Lab Dinner for Daniel, Rachel, and Thomas

Lab dinner to celebrate Daniel Wong, Rachel Lee, and Thomas Dolman for their time at the lab!

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From Left: Zhihao, Daniel, Pierre, Rachel, Anna, Thomas, Ignacio

New paper on Neuromarketing in California Management Review

New paper just accepted at California Management Review.

Neuromarketing: Inside the mind of the consumer

Managers today are under tremendous pressure to uncover factors driving customers’ attitudes and behavior. Unfortunately, traditional methods suffer from well-known limitations, and have remained largely unchanged since their introduction decades ago. As a result, there is growing interest in brain-based approaches that may enable managers to directly probe customers’ underlying thoughts, feelings, and intentions. This article aims to provide practical guidance to managers on using these tools, focusing on two distinct uses: validation of existing insights and generation of novel insights. Throughout, we stress that managers should see traditional and brain-based approaches as complements, rather than substitutes, in understanding customers.

Pierre Karashchuk receives NSF Graduate Research Fellowship

Congratulations to Pierre Karashchuk, who was just awarded the prestigious NSF Graduate Student Research Fellowship for his proposal applying computational linguistic models to understand stereotypes in natural language!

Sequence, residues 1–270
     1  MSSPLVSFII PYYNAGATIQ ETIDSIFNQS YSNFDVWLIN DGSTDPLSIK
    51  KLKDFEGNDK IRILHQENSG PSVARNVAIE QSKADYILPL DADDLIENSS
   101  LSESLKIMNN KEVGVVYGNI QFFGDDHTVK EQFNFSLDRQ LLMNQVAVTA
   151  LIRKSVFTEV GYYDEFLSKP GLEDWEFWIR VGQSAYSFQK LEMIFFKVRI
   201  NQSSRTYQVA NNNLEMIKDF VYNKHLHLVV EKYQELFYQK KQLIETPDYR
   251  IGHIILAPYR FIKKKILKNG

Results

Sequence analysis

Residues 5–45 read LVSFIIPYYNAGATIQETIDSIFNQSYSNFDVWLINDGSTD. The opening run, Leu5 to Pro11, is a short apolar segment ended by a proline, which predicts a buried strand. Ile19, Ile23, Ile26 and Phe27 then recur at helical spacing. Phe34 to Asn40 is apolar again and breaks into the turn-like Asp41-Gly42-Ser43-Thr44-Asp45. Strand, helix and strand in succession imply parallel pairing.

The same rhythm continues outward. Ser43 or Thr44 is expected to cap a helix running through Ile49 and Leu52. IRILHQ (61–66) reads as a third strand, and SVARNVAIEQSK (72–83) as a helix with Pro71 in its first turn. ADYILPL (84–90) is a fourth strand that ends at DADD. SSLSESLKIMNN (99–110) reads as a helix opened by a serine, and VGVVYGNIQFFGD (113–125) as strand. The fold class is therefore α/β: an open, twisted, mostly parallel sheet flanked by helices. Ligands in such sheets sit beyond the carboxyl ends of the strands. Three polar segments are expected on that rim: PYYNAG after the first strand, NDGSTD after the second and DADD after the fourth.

Welcome to Gil Sharvit

Welcome to Gil Sharvit, who is joining our lab on a postdoctoral research fellowship from the Swiss National Fund. He will be investigating cognitive mechanisms of disclosure behavior, whether the human brain encodes for a dedicated value in those situations, and how can learn to avoid bad decisions (e.g. regretful exposure) when we exchange information with others.

New paper on Dissociable contributions of imagination and willpower to the malleability of human patience

Anna Jenkins’s paper has been accepted at Psychological Science.

Dissociable contributions of imagination and willpower to the malleability of human patience

The ability to exercise patience is important for human functioning. Although it is widely known that patience can be promoted by using willpower to override impatient impulses, patience is also malleable—in particular, susceptible to framing effects—in ways that are difficult to explain on a willpower account alone. So far, the mechanisms underlying framing effects on patience have been elusive. Here we investigated a role for imagination, dissociable from willpower, in these effects. Behaviorally, a classic framing manipulation increased self-reported and independently-coded imagination during intertemporal choice (Experiment 1). Neurally, reframing increased the extent to which patience was associated with activation in brain regions associated with imagination, relative to those associated with willpower, and increased functional connectivity of brain regions associated with imagination, but not willpower, to regions associated with valuation (Experiment 2). Results suggest that reframing can increase the role of imagination in decision-making without increasing willpower exertion.